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November 4th, 2010
04:36 PM ET

U.S. to update low-income nutrition program

A federally funded food program that provides meals to more than 3.3 million adults and children from low-income families mainly through after-school programs, emergency shelters and child and adult day care centers, may soon undergo major revisions for the first time in more than two decades.

 At the request of the U.S. Department of Agriculture, the Institute of Medicine reviewed the 42-year old Child and Adult Care Food Program and issued a series of recommendations to help "bring the meal requirements into alignment with the best available dietary guidance" and be more consistent with other programs of the Food and Nutrition Service.

Some of the key changes include recommendations that CACFP providers:

– use only breast milk or formula for infants under 6 months
– refrain from giving fruit juice of any type for children younger than 1 year old
– limit foods high in solid fats and added sugars
– separate fruits and vegetables into separate categories, and increase the number of servings of each per week.

The IOM and USDA say the goal is to provide healthier and more nutrient rich foods to CACFP participants, particularly in view of the high prevalence of obesity in the United States. According the CDC, nearly 17 percent of U.S. children between the ages of  2 and 19 are obese, and a recent JAMA study found the prevalence of obesity was particularly high among low-income, preschool-aged children.

In a statement, Kevin Concannon, USDA under secretary for the Food, Nutrition and Consumer Services division says he wants to make sure “programs meet the highest nutrition standards, in ways that our program partners can implement and that our children can enjoy."

The IOM revisions follow the MyPyramid model already embraced by similar federal food programs including the supplemental nutrition program for Women, Infants, and Children and the National School Lunch Program, both of which received similar updates in the past few years.


soundoff (4 Responses)
  1. Rob

    These are the types of policy changes that can really help people. However, just providing different foods at school or shelters isn't enough. These people are going to need to feed themselves outside of the controlled environment in which these healthy meals are provided. Wouldn't it make sense to try and educate the recipients of these programs as to why they are getting certain foods and how it is actively helping them better their health? It might be something as simple as a placemat or a poster on the wall in the seating or food line area. When people begin to understand why things are changing and how they can work with the changes to benefit themselves, some might begin to more consistently make better dietary choices. Better health is worth the investment for both the individual and society. Rational, effective nutrition for fat loss and long-term health: http://www.NutritionPerfected.com/np-blog.html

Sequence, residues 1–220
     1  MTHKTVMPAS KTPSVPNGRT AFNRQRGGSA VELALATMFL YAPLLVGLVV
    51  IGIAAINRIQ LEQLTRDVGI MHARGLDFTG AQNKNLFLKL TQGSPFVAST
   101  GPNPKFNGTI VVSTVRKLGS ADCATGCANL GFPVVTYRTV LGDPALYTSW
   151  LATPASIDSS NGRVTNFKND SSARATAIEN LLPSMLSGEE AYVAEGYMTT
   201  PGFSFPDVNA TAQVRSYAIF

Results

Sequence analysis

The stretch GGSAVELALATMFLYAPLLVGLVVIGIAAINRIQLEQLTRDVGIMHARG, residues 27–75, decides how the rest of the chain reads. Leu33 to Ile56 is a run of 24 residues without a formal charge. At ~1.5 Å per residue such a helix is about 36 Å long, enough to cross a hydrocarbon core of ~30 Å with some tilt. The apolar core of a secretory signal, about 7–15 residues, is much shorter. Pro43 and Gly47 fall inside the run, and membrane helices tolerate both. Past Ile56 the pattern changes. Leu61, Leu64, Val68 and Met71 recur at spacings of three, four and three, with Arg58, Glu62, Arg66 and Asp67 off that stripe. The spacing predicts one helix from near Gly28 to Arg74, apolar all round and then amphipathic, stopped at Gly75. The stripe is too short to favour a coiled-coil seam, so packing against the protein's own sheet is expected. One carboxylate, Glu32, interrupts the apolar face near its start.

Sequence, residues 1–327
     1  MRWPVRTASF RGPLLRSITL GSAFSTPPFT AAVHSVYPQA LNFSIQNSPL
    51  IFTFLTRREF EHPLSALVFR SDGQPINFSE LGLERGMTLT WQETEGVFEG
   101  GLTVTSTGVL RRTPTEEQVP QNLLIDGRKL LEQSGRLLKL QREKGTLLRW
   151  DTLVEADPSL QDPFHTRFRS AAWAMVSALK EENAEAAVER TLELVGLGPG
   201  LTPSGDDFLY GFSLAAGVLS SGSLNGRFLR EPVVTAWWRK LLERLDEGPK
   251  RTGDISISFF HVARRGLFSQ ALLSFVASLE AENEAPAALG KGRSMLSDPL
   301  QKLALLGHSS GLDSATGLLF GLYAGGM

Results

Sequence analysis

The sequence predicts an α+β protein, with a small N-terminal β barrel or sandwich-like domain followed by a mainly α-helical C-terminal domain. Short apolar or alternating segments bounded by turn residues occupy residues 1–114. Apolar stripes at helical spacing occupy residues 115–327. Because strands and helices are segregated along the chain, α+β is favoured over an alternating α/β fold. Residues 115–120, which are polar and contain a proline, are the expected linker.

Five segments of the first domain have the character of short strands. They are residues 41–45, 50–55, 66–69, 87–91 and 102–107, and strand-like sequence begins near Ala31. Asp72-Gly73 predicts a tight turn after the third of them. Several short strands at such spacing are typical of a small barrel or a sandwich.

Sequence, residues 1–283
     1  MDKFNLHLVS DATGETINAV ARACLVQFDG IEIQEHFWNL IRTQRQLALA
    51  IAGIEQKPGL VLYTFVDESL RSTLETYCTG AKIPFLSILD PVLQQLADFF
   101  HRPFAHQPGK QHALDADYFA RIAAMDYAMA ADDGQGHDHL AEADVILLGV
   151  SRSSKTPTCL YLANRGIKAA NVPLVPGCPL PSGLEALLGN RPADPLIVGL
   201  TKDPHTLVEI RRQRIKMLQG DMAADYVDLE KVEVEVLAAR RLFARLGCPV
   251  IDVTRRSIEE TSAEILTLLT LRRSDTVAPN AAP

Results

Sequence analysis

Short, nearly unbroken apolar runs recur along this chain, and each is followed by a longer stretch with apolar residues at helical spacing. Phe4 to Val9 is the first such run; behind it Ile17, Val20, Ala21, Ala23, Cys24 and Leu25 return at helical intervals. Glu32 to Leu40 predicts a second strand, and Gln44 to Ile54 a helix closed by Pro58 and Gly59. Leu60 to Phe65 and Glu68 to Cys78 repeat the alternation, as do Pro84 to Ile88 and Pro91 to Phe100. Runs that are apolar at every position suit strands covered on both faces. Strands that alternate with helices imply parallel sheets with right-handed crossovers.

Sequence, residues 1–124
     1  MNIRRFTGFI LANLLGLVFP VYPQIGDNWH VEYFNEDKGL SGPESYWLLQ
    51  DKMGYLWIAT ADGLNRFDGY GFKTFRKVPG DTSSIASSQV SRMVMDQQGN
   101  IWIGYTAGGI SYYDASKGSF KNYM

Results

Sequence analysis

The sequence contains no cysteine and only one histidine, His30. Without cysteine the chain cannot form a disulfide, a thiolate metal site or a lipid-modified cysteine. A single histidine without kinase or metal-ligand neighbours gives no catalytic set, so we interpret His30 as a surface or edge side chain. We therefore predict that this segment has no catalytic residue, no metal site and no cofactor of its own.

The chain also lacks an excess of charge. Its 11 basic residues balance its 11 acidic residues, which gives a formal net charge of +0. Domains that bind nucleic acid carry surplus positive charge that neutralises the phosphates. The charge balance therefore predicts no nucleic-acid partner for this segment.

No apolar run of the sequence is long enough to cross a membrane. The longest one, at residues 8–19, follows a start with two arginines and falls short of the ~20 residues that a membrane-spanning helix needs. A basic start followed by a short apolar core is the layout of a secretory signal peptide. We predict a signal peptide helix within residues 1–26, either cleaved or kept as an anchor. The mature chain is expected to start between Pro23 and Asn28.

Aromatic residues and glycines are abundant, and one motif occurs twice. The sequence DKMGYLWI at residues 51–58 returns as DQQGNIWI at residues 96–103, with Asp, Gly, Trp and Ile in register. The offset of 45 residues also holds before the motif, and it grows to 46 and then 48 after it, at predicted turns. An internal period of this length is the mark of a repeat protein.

November 5, 2010 at 09:50 | Report abuse | Reply
  2. amom

    Why is it no one realizes that its cheaper to by a box of cake mix than a bag of apples, most low income families by what they can stretch the longest for less, how about making healthy food CHEAPER. oh wait that would make sense!!!!!!!!!!!!! it really does cost twice as much to feed your kids healthy and most famlies just can not afford it.

    November 7, 2010 at 02:58 | Report abuse | Reply
  3. Alison

    being poor shouldn't have to be about shoving the most calories at the cheapest price in your mouth. i'm poor, too, a minimum wage worker, and i don't consider cake "food". it's a dessert. "food" is what's needed to keep me alive, and as a woman still battling obesity i am always surprised at how little food i really need to eat-and how easy it can be to eat healthier for less than it is to eat junk food. yep-i'm struggling, but thanks to choices like apples over cake-not preaching btw-because cake means i have to buy frosting, eggs&oil too-i'm losing pounds slowly, and the apples have about 10 in a bag. they're about 2 dollars more, but i'm not using up my staples like eggs on a 9 by 13 cake gone in maybe 8 slices. i'll skip the soda and chip isle and stack up on yogurt and cottage cheese etc. but i take the bus tn go shopping, and yes-a box of cake mix sure is a lot easier to drag 5 blocks than fresh produce. nutritionists never seem to take into account things like the transportation issues for those of us with less economic means at our disposal.

    November 7, 2010 at 03:35 | Report abuse | Reply
  4. kredithai

    i guess the blogs feed is broken

    February 8, 2011 at 11:09 | Report abuse | Reply

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